var stream = File.Open(path, FileMode.Open, FileAccess.Read);
  IExcelDataReader reader = ExcelReaderFactory.CreateOpenXmlReader(stream);
  reader.IsFirstRowAsColumnNames = true;
  DataSet sourceData = reader.AsDataSet();
  reader.Close();

  // At this point in time, sourceData holds ALL the data from the XLSX in memory

  // Worksheet name
  string worksheetName;

  // Load the first worksheet...
  // ===========================

  // Get worksheet by its name
  worksheetName = "DEN";
  var worksheet = sourceData.Tables[worksheetName];

  // Convert it to a collection of the desired type
  List<PlayerAdd> items = worksheet.DataTableToList<PlayerAdd>();

  // Go through the collection, and add the items to the data context
  foreach (var item in items)
  {
    // Fill in the team name
    item.Team = worksheetName;
    ds.Players.Add(Mapper.Map<Player>(item));
  }

  // Save changes
  ds.SaveChanges();

  // Load the next worksheet...

 

After loading, you can see the results. Click the image to open it full-size in a new tab/window.

player-list

 

Handling associations during data loading

Can you load data that has associations?

Yes.

Be careful, and plan your work. Here are some suggestions:

Load all unassociated data first. If you have entity collections that are not associated with other objects, but do provide some useful function (static data for lookups etc.), then you can load them any time. We suggest that you do this first.

Next, carefully study your data model. (The design model classes – NOT the database model.) If it helps, use a class diagram. Then, locate a “root” in the data model. (It’s possible that there will be more than one.) A “root” is a class that has objects that can be added, without configuring an association. For example, in a Products-Supplier scenario, we CAN add a Supplier object, so it is a “root” class.

Load that data. It can then be used for lookups, when adding dependent objects (e.g. products – to add a Product object, we MUST have an association to an existing Supplier object).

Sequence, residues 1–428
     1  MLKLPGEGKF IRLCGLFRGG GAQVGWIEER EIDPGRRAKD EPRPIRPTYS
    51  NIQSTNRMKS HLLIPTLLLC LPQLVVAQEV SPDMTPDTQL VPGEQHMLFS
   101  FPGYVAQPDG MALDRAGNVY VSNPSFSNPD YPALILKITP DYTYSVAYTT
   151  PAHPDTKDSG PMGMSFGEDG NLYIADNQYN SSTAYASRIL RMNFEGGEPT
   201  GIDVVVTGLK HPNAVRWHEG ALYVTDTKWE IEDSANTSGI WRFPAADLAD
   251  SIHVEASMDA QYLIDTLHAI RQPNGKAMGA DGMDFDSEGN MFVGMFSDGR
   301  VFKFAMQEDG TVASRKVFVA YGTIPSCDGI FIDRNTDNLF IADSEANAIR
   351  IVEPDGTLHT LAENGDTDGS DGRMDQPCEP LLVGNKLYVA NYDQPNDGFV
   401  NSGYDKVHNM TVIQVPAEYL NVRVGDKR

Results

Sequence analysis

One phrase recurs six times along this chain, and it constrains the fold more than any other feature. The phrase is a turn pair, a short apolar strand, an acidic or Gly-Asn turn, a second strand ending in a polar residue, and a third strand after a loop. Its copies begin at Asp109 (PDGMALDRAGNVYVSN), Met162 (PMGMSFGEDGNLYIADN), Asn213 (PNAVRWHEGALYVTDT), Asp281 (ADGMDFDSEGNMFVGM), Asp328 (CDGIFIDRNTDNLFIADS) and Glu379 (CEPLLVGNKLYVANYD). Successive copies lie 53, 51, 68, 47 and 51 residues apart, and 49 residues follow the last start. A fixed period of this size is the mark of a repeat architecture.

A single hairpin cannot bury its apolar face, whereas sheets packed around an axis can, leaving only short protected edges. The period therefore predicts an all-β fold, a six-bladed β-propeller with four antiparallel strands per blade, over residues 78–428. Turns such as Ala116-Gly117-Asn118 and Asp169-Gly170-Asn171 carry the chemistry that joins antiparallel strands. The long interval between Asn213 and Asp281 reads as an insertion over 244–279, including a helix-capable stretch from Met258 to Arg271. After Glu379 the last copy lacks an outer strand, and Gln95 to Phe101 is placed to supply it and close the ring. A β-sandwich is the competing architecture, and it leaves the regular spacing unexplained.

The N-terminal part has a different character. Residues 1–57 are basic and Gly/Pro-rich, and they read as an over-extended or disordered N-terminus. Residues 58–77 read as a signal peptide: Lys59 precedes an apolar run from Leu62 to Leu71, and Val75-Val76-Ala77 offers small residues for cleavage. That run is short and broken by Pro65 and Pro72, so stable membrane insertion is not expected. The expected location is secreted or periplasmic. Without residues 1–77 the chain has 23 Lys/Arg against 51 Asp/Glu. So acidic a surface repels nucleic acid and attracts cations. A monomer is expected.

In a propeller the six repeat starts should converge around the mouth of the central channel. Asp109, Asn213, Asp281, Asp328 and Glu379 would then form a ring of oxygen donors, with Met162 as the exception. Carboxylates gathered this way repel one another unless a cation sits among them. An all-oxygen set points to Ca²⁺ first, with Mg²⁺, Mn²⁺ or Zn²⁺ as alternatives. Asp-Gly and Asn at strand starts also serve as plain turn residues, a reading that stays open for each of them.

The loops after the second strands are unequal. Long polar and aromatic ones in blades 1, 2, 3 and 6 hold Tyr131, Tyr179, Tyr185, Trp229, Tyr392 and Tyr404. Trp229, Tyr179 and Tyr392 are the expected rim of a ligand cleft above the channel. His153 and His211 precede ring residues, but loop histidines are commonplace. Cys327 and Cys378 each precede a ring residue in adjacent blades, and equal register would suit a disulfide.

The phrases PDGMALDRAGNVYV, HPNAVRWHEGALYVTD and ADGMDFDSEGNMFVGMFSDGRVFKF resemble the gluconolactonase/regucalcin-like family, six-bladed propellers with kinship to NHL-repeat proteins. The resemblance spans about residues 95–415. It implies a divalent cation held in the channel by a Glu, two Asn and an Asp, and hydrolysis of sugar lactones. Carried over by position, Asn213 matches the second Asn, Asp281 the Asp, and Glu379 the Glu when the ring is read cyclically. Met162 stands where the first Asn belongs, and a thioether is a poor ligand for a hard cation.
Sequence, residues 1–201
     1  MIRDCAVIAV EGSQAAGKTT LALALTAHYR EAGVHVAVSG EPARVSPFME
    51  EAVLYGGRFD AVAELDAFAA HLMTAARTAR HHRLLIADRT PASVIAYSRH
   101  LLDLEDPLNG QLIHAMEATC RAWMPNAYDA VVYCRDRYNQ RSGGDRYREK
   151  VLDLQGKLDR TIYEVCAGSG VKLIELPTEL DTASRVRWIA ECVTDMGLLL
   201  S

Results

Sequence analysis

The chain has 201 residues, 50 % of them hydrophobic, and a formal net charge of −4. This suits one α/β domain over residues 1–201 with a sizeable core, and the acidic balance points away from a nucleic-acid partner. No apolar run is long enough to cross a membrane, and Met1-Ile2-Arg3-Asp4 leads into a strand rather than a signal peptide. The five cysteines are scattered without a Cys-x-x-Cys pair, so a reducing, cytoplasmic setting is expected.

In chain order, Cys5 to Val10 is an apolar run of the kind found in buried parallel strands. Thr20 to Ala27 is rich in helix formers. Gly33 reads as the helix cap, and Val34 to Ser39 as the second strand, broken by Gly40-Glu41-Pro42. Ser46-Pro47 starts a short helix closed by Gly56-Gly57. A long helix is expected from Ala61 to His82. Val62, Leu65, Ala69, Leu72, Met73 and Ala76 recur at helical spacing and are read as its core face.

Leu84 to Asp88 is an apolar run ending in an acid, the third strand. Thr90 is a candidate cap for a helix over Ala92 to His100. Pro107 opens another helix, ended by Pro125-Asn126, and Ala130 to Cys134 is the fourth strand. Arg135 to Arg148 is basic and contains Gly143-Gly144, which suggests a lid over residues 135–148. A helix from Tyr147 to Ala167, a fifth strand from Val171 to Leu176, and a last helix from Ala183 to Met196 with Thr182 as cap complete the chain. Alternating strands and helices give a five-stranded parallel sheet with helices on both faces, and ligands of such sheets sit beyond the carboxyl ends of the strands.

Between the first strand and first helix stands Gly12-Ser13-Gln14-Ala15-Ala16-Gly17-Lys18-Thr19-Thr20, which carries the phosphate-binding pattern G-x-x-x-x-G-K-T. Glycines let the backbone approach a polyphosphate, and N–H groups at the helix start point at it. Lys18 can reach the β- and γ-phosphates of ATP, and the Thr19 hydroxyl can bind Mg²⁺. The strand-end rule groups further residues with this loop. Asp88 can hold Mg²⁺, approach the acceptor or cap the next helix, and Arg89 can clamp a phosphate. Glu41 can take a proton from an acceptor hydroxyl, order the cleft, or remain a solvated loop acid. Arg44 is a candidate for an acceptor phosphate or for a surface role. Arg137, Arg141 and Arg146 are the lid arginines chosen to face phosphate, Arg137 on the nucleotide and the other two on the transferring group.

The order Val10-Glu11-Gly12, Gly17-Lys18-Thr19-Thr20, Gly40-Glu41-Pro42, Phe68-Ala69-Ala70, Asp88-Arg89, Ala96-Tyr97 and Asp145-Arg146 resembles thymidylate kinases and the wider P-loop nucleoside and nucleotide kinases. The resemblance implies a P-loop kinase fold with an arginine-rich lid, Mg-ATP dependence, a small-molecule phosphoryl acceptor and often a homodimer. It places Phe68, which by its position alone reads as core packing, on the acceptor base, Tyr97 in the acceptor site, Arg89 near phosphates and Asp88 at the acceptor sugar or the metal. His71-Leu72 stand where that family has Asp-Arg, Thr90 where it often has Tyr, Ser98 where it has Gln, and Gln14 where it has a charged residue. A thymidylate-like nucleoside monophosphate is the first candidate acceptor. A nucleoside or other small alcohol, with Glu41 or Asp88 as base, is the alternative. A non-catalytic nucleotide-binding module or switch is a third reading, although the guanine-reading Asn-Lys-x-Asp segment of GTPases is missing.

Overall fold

Therefore, load dependent objects. Maybe the CSV or XLSX source data includes a value that you can use to look up the associated object (e.g. a Supplier name). Other times, you may have to organize and manage your source data so that all dependent objects for a specific “root” object are added in a batch.

Continue this process until all data gets loaded.

 

Bonus coverage – Loading photos (non-text media items) programmatically

Here’s some brief coverage of a procedure that enables you to gather and save photos – or any other non-text media items – on your local computer, and then programmatically add them to your web app’s data store.

Obviously, this procedure assumes that you are indeed saving them into your data store (i.e. the database). If you’re not doing this, then all you must do is save the items somewhere in your app’s file system, and then – if necessary – write the code that enables them to be served.

 

Prepare your assets

Gather and save your photos (or whatever) on your local computer.

Ensure that their size and quality match your expectations.

In Solution Explorer, create a new folder, maybe named “Assets” or something like that. Copy then paste all your items into this folder.

 

Write the code

In the Manager class, add “using System.IO;” to the declarations at the top.

Then, in the LoadData() method, write code that is similar to the following (assuming the image is indeed a PNG):

// As you are creating an object that has "Photo" and PhotoContentType" properties...

  Photo = File.ReadAllBytes(HttpContext.Current.Server.MapPath("~/Assets/photo123.png")),
  PhotoContentType = “image/png”,

// Save etc.

 

Bonus coverage – Code First from existing database

As you work on more web apps, you will encounter experiences where you must create a web app that works with an existing database. How do you handle that situation?